Background: The effect and applicability of interferon-based antiviral therapies in the general population of persons with hepatitis C virus (HCV) infection are unknown.
Objective: To determine the applicability and usefulness of anti-viral therapy in a metropolitan clinic population.
Design: Retrospective case series of consecutively referred patients.
Setting: A teaching county hospital in Cleveland, Ohio.
Patients: 327 patients referred to a liver clinic after a positive result for antibody against HCV on enzyme-linked immunosorbent assay (ELISA).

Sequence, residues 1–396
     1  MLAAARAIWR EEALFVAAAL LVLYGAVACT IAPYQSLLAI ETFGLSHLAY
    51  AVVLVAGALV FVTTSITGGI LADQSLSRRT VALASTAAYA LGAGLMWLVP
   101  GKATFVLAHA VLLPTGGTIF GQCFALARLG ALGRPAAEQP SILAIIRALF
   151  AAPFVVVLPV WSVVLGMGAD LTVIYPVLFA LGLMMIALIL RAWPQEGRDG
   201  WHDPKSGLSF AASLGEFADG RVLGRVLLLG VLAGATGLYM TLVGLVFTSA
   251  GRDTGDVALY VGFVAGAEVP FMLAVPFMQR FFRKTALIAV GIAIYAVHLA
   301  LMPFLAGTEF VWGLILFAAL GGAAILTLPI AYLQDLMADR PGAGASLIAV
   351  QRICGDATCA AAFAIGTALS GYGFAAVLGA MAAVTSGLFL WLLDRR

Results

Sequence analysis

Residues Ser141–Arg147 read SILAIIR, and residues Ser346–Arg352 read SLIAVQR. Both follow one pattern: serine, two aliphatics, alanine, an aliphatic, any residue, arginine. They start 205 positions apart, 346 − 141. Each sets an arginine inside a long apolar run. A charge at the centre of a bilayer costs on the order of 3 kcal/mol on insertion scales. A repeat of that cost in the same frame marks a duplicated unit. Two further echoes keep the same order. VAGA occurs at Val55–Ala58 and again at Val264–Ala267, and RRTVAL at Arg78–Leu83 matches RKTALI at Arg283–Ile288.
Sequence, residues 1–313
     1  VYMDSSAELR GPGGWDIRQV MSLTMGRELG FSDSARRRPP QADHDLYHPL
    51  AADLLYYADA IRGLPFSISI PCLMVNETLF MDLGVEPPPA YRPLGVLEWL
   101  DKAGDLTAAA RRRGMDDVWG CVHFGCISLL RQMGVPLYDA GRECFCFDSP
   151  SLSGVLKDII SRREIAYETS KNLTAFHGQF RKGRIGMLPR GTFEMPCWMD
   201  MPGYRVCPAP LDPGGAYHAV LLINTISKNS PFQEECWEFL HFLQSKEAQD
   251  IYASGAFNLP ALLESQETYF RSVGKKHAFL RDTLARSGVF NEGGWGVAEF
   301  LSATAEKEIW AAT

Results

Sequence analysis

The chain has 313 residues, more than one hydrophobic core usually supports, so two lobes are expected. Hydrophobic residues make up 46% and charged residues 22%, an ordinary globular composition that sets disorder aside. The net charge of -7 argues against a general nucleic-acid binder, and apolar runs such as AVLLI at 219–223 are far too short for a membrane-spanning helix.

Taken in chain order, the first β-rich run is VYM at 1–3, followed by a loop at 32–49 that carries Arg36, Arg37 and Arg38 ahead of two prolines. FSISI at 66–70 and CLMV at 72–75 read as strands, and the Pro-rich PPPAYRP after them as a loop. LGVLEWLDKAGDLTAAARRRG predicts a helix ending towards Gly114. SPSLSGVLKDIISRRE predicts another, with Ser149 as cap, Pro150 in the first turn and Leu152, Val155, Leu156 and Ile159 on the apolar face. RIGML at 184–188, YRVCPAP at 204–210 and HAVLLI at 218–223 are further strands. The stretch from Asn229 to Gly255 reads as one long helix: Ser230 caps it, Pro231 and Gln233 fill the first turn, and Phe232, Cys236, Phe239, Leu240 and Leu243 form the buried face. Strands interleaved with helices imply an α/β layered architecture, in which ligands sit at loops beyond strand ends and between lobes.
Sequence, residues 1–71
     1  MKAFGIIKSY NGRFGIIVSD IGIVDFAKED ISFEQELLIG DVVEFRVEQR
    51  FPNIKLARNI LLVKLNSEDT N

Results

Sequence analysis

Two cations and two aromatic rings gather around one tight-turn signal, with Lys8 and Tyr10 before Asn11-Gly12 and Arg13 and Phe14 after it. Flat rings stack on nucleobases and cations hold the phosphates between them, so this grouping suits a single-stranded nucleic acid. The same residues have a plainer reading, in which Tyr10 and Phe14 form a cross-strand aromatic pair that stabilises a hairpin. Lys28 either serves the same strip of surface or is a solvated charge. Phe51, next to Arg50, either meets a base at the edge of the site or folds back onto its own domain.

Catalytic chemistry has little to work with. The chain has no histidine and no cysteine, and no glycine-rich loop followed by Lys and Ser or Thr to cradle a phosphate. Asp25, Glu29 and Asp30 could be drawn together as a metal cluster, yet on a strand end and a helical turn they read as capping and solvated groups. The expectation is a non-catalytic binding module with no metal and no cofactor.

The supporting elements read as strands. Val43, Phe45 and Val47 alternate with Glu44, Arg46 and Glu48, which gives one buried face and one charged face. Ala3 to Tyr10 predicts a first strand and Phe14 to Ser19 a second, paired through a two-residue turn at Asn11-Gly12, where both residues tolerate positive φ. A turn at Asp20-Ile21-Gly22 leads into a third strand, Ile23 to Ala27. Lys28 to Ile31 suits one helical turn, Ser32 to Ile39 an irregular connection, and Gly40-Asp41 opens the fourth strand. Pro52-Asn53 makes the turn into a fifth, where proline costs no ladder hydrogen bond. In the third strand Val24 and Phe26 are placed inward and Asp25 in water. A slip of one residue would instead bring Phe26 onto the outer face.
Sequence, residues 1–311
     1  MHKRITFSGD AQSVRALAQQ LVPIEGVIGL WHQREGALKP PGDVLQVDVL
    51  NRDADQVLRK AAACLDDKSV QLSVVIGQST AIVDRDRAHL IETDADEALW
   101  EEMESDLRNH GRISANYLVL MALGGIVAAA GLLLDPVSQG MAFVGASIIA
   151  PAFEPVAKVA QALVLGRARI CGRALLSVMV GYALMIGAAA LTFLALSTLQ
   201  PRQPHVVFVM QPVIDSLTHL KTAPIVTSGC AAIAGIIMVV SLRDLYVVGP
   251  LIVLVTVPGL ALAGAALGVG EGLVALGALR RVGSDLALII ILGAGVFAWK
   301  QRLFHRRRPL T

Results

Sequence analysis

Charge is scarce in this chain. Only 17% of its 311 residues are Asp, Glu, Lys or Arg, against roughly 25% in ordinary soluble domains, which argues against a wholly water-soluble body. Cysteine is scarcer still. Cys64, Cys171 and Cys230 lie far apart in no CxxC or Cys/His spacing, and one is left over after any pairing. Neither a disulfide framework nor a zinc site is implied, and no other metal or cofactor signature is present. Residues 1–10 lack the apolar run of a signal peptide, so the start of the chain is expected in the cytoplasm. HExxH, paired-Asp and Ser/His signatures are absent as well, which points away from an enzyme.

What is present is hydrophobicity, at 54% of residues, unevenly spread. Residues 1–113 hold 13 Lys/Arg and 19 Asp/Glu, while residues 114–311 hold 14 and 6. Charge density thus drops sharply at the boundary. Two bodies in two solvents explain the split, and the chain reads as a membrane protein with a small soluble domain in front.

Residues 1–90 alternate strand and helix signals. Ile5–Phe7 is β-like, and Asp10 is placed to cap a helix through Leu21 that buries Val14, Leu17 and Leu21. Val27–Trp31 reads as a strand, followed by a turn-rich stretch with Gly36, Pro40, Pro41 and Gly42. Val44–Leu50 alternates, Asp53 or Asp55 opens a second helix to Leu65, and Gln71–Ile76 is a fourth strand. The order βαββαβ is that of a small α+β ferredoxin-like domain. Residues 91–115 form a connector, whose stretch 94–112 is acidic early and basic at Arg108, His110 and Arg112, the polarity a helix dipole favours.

Measurements: Treatment rates; reasons for nontreatment.
Results: 34 patients had no detectable HCV RNA. Of the remaining 293 patients, 72% were not treated for the following reasons: 37% did not adhere to evaluation procedures, 34% had medical or psychiatric contraindications, 13% had ongoing substance or alcohol abuse, 11% preferred no treatment, and 5% had normal liver enzyme levels. Only 83 patients (28%) were treated; 13% had a sustained viral response.
Conclusion: Most patients with HCV infection are not candidates for interferon-based therapies; alternative interventions should be sought for these patients.